CenterPoint Energy sells natural gas to customers in Minnesota on a “pass-through basis,” and is entitled to recover a portion of its annual overhead costs upon these sales. As a result of accounting errors, the utility overstated the amount of gas that it delivered to customers in Minnesota and thereby understated its true marginal costs on the products that it did sell. Over the five year period that these accounting errors went undetected, CenterPoint asserted that it did not recover a total of $21 million in costs.

Because the applicable rule limits natural gas providers to recovery of costs on sales from the prior year, CenterPoint sought a variance from the Commission of the one-year cost recovery limitation. An equally-divided Commission denied the variance request.

Reversing that determination and remanding for further proceedings, the appellate panel held that the Commission did not “consistently apply the principles that it articulated and applied” in two earlier requests to recover costs beyond the one-year limitations period. Further, the panel concluded, the Commission’s reasons for departing from these precedents in CenterPoint’s case were not clearly set forth in the record.

The panel’s complete analysis is accessible here.

Sunday, May 04, 2008

District Court: Landlords Have No Standing to Challenge Inspection Ordinance

In an interesting opinion issued on Thursday, the U.S. District Court for the District of Minnesota turned away the challenge of landlords in Red Wing, Minnesota to a City ordinance that regulated rental housing. (An earlier photograph of a few of the plaintiff-landlords is accessible here.)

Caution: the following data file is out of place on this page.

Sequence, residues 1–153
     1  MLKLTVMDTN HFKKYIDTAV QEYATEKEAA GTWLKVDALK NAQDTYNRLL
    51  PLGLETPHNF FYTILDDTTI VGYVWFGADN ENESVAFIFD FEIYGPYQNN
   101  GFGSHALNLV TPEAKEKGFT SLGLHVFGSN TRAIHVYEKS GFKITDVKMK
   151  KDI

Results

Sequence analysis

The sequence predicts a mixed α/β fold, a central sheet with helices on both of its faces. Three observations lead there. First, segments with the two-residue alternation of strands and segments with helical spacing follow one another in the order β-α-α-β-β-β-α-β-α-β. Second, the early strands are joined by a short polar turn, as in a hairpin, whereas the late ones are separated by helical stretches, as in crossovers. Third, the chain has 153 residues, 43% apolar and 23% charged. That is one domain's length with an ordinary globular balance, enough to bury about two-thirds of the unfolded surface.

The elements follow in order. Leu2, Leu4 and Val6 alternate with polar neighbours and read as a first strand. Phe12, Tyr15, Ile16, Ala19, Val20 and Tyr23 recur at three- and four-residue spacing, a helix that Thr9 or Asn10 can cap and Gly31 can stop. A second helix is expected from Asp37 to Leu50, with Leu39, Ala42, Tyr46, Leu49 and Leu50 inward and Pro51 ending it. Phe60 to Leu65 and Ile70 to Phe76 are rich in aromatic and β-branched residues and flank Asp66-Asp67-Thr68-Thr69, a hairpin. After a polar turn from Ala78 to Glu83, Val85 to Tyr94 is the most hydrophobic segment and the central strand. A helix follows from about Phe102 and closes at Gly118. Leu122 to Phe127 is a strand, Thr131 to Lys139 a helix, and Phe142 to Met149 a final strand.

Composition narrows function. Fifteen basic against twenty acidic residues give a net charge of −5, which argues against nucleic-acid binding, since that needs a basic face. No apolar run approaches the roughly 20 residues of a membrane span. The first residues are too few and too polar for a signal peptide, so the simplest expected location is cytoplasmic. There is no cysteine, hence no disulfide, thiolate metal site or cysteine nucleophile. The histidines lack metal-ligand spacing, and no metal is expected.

At issue in the case was the constitutionality of requirements which, in the view of the landlords, conditioned the right to rent housing on a landlord’s willingness to have government housing inspectors tour buildings where the rental properties are sited. The landlords argued that these tri-annual inspections abridged rights that were guaranteed to them by the Fourth Amendment.

U.S. District Court Judge John R. Tunheim concluded that the landlords did not have sufficient Article III standing to challenge the ordinance under the federal civil rights laws. As Judge Tunheim reasoned, the existence of intermediate state processes made the claims of the landlords’ injury unsubstantial and speculative: “If landlords refuse consent to the City’s request for an inspection, the [Rental Dwelling Licensing Code] requires the City to seek an administrative search warrant. The reviewing judge is specifically authorized to condition or limit the scope of the warrant as appropriate. Plaintiffs’ argument that the inspection ordinance creates an imminent constitutional injury presumes that a state court judge, with the benefit of a full adversarial hearing, will be unable to condition or limit the scope of the warrant in a manner that complies with the Fourth Amendment. The Court finds the possibility of such injury to be highly speculative." Further, the District Court concluded that even the risk of state court litigation was not “sufficient to establish and actual or imminent injury for Article III standing.”

While the District Court’s Court-Web service has yet to post this item, a copy of the decision is accessible here.

Saturday, May 03, 2008

First Ever Rule Veto, Stirs Memories and Old Debate

On Friday, Governor Tim Pawlenty exercised the powers the granted to him under Minnesota Statutes § 14.05 to “veto all or a severable portion of a rule.” The Governor’s veto bars certain proposed revisions to the state’s voter registration rules from going into effect.